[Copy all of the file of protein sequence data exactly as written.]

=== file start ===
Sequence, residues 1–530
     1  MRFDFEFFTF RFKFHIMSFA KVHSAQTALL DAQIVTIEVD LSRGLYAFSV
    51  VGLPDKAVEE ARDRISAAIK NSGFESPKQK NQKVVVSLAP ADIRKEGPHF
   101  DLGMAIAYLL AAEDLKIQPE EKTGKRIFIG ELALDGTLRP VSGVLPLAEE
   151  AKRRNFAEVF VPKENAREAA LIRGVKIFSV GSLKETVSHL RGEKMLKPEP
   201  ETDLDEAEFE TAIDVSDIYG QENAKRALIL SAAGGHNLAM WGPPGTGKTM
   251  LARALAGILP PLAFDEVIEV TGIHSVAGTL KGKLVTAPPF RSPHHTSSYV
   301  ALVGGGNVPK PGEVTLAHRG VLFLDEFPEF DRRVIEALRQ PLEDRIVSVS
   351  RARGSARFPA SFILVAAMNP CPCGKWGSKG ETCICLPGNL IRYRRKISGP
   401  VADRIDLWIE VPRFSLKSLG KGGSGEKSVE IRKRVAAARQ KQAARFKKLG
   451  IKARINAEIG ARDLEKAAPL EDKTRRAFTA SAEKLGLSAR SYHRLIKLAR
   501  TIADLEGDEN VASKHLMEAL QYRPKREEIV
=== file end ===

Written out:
Sequence, residues 1–530
     1  MRFDFEFFTF RFKFHIMSFA KVHSAQTALL DAQIVTIEVD LSRGLYAFSV
    51  VGLPDKAVEE ARDRISAAIK NSGFESPKQK NQKVVVSLAP ADIRKEGPHF
   101  DLGMAIAYLL AAEDLKIQPE EKTGKRIFIG ELALDGTLRP VSGVLPLAEE
   151  AKRRNFAEVF VPKENAREAA LIRGVKIFSV GSLKETVSHL RGEKMLKPEP
   201  ETDLDEAEFE TAIDVSDIYG QENAKRALIL SAAGGHNLAM WGPPGTGKTM
   251  LARALAGILP PLAFDEVIEV TGIHSVAGTL KGKLVTAPPF RSPHHTSSYV
   301  ALVGGGNVPK PGEVTLAHRG VLFLDEFPEF DRRVIEALRQ PLEDRIVSVS
   351  RARGSARFPA SFILVAAMNP CPCGKWGSKG ETCICLPGNL IRYRRKISGP
   401  VADRIDLWIE VPRFSLKSLG KGGSGEKSVE IRKRVAAARQ KQAARFKKLG
   451  IKARINAEIG ARDLEKAAPL EDKTRRAFTA SAEKLGLSAR SYHRLIKLAR
   501  TIADLEGDEN VASKHLMEAL QYRPKREEIV